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Thread: Floating point representation

  1. #1 Floating point representation 
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    Hi Guys,

    Just wondering if there are any resident experts on floating point representation around these parts? I've got a few queries regarding it (it's taking a while to absorb into my brain) so hoping there are some folks around here who could assist.

    Cheers in advance.


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  3. #2  
    Veracity Vigilante inow's Avatar
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    Ask your question. If someone reads it and knows the answer, they'll respond. Generally much easier to do that than to ask if anyone is an expert, as most will ignore such questions.


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  4. #3  
    Forum Radioactive Isotope MagiMaster's Avatar
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    It's very likely that I can help you, since I answer that kind of question in the Help Lab here fairly often. (I assume you've read the homework policy though.)
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  5. #4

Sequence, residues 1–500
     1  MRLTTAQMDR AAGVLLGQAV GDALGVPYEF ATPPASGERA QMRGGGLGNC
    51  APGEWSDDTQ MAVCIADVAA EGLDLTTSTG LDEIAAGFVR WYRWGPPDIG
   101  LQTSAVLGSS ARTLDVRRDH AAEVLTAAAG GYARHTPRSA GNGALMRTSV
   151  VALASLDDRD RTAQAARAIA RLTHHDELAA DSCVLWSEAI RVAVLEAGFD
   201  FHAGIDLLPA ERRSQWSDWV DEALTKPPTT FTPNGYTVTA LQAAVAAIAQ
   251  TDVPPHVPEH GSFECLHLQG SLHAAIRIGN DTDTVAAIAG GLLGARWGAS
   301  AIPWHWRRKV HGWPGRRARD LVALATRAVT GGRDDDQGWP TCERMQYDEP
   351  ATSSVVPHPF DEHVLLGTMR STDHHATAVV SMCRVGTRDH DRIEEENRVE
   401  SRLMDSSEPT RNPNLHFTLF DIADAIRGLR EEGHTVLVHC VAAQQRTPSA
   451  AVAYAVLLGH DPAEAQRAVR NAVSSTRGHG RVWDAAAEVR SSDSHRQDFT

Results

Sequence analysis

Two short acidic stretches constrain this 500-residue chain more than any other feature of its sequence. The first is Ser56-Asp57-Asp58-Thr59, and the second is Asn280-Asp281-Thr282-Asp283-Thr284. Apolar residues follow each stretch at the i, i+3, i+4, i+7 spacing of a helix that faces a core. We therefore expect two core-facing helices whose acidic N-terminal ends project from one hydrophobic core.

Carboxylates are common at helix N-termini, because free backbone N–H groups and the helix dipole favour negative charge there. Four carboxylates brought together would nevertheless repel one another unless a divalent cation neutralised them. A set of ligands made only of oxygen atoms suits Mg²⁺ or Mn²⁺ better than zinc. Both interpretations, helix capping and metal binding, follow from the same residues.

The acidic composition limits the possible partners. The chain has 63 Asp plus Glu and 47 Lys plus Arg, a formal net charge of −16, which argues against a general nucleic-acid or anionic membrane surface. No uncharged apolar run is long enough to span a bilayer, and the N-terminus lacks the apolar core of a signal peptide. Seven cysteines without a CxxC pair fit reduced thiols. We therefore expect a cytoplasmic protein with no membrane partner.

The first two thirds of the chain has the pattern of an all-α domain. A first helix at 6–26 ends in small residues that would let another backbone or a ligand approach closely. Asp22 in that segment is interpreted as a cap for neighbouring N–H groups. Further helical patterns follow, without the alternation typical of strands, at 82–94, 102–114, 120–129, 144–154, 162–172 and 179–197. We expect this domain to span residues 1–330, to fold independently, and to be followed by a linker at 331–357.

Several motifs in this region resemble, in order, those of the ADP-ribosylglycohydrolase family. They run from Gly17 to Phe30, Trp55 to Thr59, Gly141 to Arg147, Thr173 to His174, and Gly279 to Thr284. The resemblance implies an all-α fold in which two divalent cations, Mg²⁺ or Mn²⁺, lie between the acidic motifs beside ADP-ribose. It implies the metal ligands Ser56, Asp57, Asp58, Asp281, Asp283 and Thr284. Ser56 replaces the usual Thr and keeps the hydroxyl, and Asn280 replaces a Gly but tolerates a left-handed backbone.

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    Quote Originally Posted by MagiMaster
    It's very likely that I can help you, since I answer that kind of question in the Help Lab here fairly often. (I assume you've read the homework policy though.)
    I have, thanks for pointing it out. I won't be asking for an answer, just verification that my understanding of the method is correct.

    OK, if we're using standard 32-bit IEEE Standard 754 representation, we've got 1 bit for the sign, 8 bits exponent, 23 bits mantissa.

    My query is the exponent is always added to 127 correct? So if we have 1.011 x 2^14, then the exponent is 14 + 127 = 141 = binary form of 141 in the 8 bits of the exponent. And the sign bit is always 1. Just want to be sure I understand this, the textbook is a little cryptic.

    Thanks for your assistance.
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  6. #5  
    Forum Radioactive Isotope MagiMaster's Avatar
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    Yeah, you've got the exponent right, but the sign bit isn't always 1. It always takes up 1 bit, but its value depends on whether the represented number is positive or negative.

    So, -1/3 which equals -0.01010101... in base-2, would first be normalized to -1.010101... * 2^-2, then stored as:

    1 : 0111 1101 : 010 1010 1010 1010 1010 1010
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